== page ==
[ntp:questions] question regarding NTP configuration for clusters, and "cluster time" stability

Unruh unruh-spam at physics.ubc.ca
Tue Sep 29 20:12:55 UTC 2009

"rotordyn at yahoo.com" <rotordyn1 at gmail.com> writes:

>On Sep 29, 2:37=A0pm, Harlan Stenn <st... at ntp.org> wrote:

>> You've read assoc.html#orphan, right?

>Yes. And I think I understand how it would work in common scenarios,
>but I have to account for the corner cases as well. In particular, the
>documentation at that link says:

>    "If no UTC sources are available to any core server, one of them
>    can provide a simulated UTC source for all other hosts in the
>    subnet. However, only one core server can simulate the UTC
>    source and all direct dependents, called orphan children, must
>    select the same one, called the orphan parent."

>So I'm not sure what happens if some core servers lose access
>to their UTC sources, while the remainder do not. I had hoped
>that one core server switching to orphan mode would somehow
>trigger the others, but I don't see that it does in the code.

>> If you "choose unwisely" and select a poor master to take over in your
>> falure case, you'll see a time jump when you regain internet access.

>True. I think I can survive that, as long as all the nodes stay close
>enough to each other. If it has to, the cluster can signal that it is
>too far from its external UTC reference to resynchronize. Then
>the internal cluster time would just continue to drift until there was
>a service action to fix it. What would be worse is for nodes in the
>cluster to diverge from each other.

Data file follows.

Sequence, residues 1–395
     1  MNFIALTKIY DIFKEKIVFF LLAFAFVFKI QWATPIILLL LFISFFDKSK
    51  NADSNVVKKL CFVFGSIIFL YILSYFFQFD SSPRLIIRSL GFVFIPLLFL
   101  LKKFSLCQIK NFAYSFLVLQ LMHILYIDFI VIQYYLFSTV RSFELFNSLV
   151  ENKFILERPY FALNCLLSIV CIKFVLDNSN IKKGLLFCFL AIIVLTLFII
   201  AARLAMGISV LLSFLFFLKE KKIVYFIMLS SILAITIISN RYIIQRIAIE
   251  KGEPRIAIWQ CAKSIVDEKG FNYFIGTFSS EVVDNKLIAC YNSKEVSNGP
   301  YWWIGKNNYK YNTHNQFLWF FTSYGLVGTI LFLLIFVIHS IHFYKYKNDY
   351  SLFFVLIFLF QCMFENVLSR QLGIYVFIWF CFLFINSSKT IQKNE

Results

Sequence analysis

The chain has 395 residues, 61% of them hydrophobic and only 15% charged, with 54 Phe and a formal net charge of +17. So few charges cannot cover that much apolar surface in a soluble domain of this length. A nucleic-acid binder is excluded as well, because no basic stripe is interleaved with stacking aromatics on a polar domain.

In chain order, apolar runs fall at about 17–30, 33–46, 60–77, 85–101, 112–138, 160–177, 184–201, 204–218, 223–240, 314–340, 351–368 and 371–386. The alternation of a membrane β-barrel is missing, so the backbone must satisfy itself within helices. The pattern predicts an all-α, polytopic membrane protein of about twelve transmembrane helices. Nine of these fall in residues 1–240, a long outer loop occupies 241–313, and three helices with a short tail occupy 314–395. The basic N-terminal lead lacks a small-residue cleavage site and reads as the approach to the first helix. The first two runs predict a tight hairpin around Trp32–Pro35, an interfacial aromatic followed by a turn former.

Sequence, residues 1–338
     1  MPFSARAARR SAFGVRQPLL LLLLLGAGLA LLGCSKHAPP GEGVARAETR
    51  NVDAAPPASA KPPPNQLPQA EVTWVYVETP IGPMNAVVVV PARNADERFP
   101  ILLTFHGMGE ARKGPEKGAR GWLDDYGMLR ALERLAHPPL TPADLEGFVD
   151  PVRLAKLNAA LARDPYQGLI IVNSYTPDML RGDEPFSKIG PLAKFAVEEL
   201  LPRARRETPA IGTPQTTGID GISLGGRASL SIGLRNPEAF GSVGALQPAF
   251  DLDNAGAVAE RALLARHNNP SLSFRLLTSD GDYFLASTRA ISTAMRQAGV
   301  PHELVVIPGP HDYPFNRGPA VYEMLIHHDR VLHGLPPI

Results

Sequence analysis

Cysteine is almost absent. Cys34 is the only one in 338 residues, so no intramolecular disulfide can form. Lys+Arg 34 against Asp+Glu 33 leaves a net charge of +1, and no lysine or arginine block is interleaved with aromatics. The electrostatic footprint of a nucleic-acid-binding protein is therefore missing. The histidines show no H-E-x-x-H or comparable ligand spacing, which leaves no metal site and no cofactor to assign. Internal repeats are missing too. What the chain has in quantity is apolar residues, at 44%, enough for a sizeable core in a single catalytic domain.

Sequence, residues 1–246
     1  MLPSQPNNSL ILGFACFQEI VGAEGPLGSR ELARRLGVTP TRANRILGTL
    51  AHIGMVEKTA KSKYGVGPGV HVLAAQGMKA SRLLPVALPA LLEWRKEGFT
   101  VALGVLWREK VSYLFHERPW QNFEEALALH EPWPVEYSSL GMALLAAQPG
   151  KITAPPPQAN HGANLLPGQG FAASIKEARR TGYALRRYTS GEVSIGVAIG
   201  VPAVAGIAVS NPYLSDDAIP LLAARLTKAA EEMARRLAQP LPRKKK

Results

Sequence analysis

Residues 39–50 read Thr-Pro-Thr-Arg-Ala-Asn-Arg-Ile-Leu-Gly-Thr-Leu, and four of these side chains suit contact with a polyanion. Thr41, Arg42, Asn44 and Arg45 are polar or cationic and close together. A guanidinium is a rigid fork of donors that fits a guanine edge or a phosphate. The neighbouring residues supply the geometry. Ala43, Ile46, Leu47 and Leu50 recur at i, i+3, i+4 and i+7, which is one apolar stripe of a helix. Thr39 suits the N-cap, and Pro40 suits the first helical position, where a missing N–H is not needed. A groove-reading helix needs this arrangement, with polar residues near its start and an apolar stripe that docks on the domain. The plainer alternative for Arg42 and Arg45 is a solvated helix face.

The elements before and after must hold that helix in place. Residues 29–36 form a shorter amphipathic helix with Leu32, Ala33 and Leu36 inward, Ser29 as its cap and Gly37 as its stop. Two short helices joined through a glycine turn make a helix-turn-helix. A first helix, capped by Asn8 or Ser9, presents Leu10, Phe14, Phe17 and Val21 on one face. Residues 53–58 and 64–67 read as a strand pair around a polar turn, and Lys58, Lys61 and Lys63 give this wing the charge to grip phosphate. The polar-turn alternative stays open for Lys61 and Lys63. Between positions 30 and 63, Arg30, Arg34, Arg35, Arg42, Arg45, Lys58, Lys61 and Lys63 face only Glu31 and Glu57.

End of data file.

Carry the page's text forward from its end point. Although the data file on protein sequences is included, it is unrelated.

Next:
>> If correct time is really important, why not run an inexpensive S1 device
>> locally?

>Oddly enough, "correct time" isn't all that important, at least not to
>the accuracy often discussed in the context of NTP. And I think that's
>the root of my issues: A consistent "cluster time" among the nodes
>is much higher priority than accurately following UTC. Prioritizing
>a common cluster time absolutely over UTC in a redundant fashion
>seems to be difficult, since the peers that provide redundancy can
>diverge from each other if given different inputs. (Different in that
>could lose its external UTC reference while another does not.)

Oddly enough, making sure that all of the computers are synchronized to
UTC is probably the best way to ensure that they are all synchronized to
each other. For example, you could run a PPS line to each computer's
parallel port and use the interrupt from that to sync that computer to
that PPS. Or you could sync a bunch  of them to their own PPS source (
eg a number of gps). 

If the peer looses it external utc reference you could always have it up
its level, so the rest would stop using it as a reference. 

>The current implementation reflects this, since we use NTP internally
>with no outside references. But that means that over time we can
>pretty far away from UTC, and my goal is just to limit that. I think
>said it already, but roughly speaking I need the nodes to agree with
>each other to less than a second, and even within a minute or even
>an hour to UTC is enough.

>> If it's *really* imporatant, you can build a very high quality S1 server
>> with Rb and GPS and/or modem for under US$2k.

>Adding hardware isn't an option. This product exists in the field.

One of the advantages of GPS is that it too exists in the field. And on
house tops, and in the canyons ( well at least rooftops) of the concrete

>As always, thanks for the guidance. And if anyone with the right
>level of experience wants a consulting gig, send me an email. :)


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